Denver Air Connection operates two EAS communities from Chicago, both of which are flown on the airline’s 50-seat Embraer E145s. From Chicago, the airline flies to Ironwood, Mich. and Watertown, S.D.

American Airlines has stayed pretty consistent and has had the same four EAS communities for many years, one of which operates from its already sizeable Chicago O’Hare hub and goes to Waterloo, Iowa. The only thing that has changed with the route over the years is that it has moved from operating on an Embraer E145s to a CRJ-200, both have 50-seats, but the operator of the flight keeps changing, starting out as Envoy, then Piedmont, and currently Air Wisconsin.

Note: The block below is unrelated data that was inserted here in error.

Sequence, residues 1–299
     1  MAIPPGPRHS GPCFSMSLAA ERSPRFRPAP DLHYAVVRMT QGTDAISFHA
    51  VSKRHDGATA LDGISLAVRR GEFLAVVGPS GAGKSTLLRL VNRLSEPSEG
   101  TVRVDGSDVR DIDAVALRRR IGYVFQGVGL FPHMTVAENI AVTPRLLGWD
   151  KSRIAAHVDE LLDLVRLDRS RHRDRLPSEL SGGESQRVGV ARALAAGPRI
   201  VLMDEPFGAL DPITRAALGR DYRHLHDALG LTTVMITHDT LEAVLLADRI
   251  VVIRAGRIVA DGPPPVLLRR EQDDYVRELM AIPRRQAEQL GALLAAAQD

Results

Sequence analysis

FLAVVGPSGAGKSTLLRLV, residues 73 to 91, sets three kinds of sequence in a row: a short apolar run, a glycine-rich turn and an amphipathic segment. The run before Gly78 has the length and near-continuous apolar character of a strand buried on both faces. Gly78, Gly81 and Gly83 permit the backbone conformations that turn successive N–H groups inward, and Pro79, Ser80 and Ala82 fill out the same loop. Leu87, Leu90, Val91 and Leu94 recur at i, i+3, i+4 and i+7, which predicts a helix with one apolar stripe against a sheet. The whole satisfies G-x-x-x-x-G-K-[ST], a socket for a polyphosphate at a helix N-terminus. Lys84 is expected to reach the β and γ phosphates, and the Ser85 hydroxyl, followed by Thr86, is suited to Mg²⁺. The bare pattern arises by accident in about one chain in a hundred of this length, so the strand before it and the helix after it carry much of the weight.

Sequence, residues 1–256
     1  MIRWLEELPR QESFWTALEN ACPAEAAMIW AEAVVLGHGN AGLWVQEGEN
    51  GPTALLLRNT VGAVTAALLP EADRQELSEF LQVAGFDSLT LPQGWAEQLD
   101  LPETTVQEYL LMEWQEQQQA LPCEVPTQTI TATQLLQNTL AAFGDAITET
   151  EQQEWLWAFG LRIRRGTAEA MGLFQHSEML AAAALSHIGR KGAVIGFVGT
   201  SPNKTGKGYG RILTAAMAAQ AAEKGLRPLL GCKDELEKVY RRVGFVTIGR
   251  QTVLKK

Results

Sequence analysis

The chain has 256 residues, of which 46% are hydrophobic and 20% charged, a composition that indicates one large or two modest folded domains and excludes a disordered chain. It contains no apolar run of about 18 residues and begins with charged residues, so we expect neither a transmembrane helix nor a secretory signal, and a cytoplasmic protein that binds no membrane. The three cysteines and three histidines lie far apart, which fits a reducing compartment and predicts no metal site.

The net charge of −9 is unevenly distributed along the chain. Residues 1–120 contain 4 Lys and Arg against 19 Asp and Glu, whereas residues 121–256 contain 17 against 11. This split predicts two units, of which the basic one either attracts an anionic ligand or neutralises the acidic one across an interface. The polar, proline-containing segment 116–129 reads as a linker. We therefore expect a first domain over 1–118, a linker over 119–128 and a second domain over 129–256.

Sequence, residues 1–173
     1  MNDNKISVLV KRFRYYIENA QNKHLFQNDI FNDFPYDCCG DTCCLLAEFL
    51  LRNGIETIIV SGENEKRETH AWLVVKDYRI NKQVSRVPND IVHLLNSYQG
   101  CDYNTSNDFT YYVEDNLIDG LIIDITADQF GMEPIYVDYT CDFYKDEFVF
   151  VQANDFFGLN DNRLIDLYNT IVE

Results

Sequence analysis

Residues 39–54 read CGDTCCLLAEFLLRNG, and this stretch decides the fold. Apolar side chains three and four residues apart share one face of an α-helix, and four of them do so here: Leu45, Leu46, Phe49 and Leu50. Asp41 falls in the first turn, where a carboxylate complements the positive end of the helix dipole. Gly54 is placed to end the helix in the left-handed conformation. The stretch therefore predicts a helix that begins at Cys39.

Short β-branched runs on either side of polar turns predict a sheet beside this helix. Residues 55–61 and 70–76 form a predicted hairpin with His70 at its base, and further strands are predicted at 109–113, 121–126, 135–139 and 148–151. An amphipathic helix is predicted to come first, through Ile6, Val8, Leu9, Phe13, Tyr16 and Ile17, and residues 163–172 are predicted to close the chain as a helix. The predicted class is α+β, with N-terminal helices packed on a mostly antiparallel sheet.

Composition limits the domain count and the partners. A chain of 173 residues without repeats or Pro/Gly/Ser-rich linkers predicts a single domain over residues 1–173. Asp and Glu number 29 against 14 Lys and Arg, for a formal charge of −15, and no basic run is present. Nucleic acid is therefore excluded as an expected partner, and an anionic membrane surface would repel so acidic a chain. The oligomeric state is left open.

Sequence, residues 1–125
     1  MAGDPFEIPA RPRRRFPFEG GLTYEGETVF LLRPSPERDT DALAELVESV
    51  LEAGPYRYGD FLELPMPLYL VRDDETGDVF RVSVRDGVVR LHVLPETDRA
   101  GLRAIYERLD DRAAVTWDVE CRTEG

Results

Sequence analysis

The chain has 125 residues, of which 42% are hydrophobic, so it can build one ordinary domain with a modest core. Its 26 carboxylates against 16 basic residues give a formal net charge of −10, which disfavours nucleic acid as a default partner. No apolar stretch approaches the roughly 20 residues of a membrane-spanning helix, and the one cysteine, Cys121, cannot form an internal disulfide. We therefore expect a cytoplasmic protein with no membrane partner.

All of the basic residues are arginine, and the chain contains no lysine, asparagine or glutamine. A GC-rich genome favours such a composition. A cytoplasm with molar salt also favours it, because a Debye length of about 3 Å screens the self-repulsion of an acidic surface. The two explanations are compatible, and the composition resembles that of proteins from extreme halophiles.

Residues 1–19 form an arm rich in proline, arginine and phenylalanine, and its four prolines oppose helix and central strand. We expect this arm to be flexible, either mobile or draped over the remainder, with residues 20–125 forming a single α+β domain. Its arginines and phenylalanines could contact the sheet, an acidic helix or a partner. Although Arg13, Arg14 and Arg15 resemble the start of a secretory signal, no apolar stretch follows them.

The operator of the flights could keep changing as American Airlines itself hold the contract, they can choose any of its regional operators to make the flight.

An American CRJ-200 in Charlotte (Photo: AirlineGeeks | William Derrickson)

Cape Air has drastically shrunk over the past couple of years, with mass termination requests due to pilot shortages has resulted in Southern Airways Express and Contour Air taking most of the EAS cities in the Midwest. The airline now remain with a single EAS route to Manistee, Mich, which it operates using their 8/9-seat Tecnam P2012 although their Cessna 402 does occasionally swap in when it is needed.

Largest EAS Hub: Denver

Denver is by far the largest Essential Air Service hub and has always been a big player in the EAS game, although the predominant EAS carrier has shifted over the years from Great Lakes Airlines to Boutique Air, to SkyWest, with it now slowly shifting away from SkyWest as it tries to terminate more EAS communities.